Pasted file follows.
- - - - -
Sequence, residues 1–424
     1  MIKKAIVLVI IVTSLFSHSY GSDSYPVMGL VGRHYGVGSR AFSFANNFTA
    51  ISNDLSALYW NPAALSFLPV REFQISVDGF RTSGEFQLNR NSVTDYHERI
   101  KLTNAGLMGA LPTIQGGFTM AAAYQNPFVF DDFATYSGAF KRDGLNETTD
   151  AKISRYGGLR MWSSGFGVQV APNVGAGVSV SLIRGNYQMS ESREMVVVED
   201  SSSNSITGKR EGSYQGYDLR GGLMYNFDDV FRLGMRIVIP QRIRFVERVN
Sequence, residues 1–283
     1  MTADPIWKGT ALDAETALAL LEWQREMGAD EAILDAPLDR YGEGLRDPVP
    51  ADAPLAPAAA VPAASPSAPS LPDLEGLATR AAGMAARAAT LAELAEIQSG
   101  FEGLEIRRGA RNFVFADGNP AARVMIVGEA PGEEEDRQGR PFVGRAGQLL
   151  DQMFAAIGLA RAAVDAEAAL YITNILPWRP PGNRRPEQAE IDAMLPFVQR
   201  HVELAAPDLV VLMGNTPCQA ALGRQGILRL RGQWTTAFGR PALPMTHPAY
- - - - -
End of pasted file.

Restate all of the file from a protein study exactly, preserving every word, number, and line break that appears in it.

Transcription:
Sequence, residues 1–424
     1  MIKKAIVLVI IVTSLFSHSY GSDSYPVMGL VGRHYGVGSR AFSFANNFTA
    51  ISNDLSALYW NPAALSFLPV REFQISVDGF RTSGEFQLNR NSVTDYHERI
   101  KLTNAGLMGA LPTIQGGFTM AAAYQNPFVF DDFATYSGAF KRDGLNETTD
   151  AKISRYGGLR MWSSGFGVQV APNVGAGVSV SLIRGNYQMS ESREMVVVED
   201  SSSNSITGKR EGSYQGYDLR GGLMYNFDDV FRLGMRIVIP QRIRFVERVN
Sequence, residues 1–283
     1  MTADPIWKGT ALDAETALAL LEWQREMGAD EAILDAPLDR YGEGLRDPVP
    51  ADAPLAPAAA VPAASPSAPS LPDLEGLATR AAGMAARAAT LAELAEIQSG
   101  FEGLEIRRGA RNFVFADGNP AARVMIVGEA PGEEEDRQGR PFVGRAGQLL
   151  DQMFAAIGLA RAAVDAEAAL YITNILPWRP PGNRRPEQAE IDAMLPFVQR
   201  HVELAAPDLV VLMGNTPCQA ALGRQGILRL RGQWTTAFGR PALPMTHPAY